23 June 2017
Reporter: Barney Dixon

Hong Kong, Albania and Panama among key counterfeit transit points

Hong Kong, Albania and Panama are among several key transit points for counterfeits entering Africa, the EU and the US, according to the European Intellectual Property Office (EUIPO).

A new EUIPO report, compiled in conjunction with the the Organisation for Economic Co-operation and Development, identified several locations that allow for easy transit in the Middle East, including the United Arab Emirates, Saudi Arabia and Yemen.

For the EU, alongside Albania are Egypt, Morocco and Ukraine. Hong Kong mainly deals in counterfeit pharmaceuticals and exports them worldwide, while Panama is the main transit point for fakes heading to the US.

The report contains an analysis of 10 economic sectors that are vulnerable to counterfeits, including foodstuffs, pharmaceuticals, perfume and cosmetics, leather, clothing, footwear, jewellery, electronics, games and sports equipment.

Three quarters of these counterfeit products are transported by sea, while courier services and regular post services were used to move smaller counterfeit items.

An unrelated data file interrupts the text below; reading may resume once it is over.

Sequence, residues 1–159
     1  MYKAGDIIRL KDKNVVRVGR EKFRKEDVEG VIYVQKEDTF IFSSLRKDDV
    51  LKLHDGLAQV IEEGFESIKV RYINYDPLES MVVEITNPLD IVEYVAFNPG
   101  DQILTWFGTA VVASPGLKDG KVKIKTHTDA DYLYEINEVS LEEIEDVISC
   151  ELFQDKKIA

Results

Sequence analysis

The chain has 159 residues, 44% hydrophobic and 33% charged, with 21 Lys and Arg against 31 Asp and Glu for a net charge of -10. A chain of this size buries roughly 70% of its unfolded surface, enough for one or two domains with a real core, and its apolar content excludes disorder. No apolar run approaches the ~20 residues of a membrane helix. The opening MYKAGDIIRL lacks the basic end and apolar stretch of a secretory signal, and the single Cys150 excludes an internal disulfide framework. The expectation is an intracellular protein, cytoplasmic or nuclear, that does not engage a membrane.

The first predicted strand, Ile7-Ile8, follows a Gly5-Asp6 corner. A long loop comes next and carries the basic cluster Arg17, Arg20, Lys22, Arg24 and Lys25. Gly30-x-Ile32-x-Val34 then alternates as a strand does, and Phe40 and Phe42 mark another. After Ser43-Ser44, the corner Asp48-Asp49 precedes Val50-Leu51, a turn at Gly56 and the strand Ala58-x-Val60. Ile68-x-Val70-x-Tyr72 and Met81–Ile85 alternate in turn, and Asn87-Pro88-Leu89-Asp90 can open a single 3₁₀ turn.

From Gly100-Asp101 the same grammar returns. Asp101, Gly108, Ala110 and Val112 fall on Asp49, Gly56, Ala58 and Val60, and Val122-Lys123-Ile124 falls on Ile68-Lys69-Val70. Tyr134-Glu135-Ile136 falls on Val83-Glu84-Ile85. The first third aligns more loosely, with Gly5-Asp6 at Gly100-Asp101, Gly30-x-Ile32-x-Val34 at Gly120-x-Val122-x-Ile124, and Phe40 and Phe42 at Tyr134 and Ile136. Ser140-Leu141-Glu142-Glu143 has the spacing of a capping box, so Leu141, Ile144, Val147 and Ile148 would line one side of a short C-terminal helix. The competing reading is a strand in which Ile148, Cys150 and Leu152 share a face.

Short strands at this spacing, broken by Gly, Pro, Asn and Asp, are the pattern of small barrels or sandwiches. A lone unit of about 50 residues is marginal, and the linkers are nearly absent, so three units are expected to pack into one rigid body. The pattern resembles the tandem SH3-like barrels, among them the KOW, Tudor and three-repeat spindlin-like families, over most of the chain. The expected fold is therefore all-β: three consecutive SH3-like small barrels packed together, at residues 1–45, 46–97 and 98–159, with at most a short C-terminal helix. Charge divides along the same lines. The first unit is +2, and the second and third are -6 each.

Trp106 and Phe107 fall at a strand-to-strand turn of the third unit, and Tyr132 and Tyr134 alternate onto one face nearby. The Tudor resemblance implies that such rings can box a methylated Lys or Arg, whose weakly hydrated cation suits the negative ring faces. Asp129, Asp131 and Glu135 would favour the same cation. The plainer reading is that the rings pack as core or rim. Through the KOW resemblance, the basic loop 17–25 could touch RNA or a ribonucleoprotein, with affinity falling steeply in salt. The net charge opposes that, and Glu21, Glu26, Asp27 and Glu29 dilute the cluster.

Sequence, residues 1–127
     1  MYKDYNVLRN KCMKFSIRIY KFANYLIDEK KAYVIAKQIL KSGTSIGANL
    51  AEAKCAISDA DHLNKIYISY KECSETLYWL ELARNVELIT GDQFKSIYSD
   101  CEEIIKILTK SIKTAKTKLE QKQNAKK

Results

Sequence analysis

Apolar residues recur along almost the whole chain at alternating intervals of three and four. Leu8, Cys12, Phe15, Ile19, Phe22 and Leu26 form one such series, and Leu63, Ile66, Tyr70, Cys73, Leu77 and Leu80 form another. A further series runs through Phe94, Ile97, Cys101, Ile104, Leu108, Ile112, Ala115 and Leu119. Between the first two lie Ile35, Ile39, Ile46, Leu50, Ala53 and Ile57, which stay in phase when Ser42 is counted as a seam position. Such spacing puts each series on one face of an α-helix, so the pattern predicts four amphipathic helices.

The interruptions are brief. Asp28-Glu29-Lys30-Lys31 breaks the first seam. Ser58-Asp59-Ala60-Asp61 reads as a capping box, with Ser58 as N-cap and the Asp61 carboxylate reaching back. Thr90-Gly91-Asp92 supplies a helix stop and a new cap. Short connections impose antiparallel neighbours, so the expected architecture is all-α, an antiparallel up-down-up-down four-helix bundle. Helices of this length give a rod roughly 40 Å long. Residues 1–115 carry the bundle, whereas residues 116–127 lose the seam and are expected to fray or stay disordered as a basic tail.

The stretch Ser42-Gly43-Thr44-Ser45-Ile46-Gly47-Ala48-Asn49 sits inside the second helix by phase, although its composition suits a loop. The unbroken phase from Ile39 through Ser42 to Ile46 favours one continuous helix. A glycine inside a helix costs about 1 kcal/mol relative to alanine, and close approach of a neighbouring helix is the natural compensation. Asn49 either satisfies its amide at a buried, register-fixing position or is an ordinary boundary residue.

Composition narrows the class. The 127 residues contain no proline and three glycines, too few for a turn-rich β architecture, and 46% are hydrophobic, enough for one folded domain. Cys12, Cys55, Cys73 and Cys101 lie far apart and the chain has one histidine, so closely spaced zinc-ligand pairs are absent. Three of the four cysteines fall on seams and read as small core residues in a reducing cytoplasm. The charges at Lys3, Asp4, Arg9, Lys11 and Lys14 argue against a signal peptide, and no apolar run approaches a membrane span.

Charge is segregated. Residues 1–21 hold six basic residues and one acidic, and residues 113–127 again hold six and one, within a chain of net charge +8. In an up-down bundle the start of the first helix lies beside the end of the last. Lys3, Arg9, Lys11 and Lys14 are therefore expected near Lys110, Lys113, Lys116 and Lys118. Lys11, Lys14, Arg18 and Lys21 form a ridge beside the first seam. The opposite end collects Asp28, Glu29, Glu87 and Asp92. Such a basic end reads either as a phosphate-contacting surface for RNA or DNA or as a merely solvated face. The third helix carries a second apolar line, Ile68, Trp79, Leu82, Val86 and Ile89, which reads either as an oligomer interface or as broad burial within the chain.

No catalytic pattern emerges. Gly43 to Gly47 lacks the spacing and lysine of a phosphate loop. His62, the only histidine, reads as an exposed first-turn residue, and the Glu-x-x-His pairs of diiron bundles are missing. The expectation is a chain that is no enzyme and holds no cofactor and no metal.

China is the biggest producer of counterfeit goods, producing the most counterfeit goods in nine out of 10 key economic sectors. Other important producers include several Asian economies, India, Thailand, Turkey, Malaysia, Pakistan and Vietnam. Turkey also appears as a producer of fake leather, foodstuffs and cosmetics, which are imported to the EU.

The 10 economic sectors analysed represented more than half of the total estimated trade in fake goods worldwide, with a value of more than €208 billion ($232 billion) in 2013.

Antonio Campinos, executive director of the EUIPO, said: “This research shows the depth and breadth of international trade routes in counterfeit and pirated goods across the world.”

“Our past studies have shown that practically any product or brand can be counterfeited—this report highlights the ways in which fake goods can be transported from one corner of the globe to the other.”

The report also highlighted organised criminal groups that were involved in IP rights crime, such as online-based criminal gangs that distribute counterfeit products that are manufactured abroad.

But goods are also becoming more widely available on online marketplaces, distributed via post directly to customers.

Rob Wainwright, Europol’s executive director, said: “Intellectual property crime is extensive in the EU and carries very many adverse effects.”

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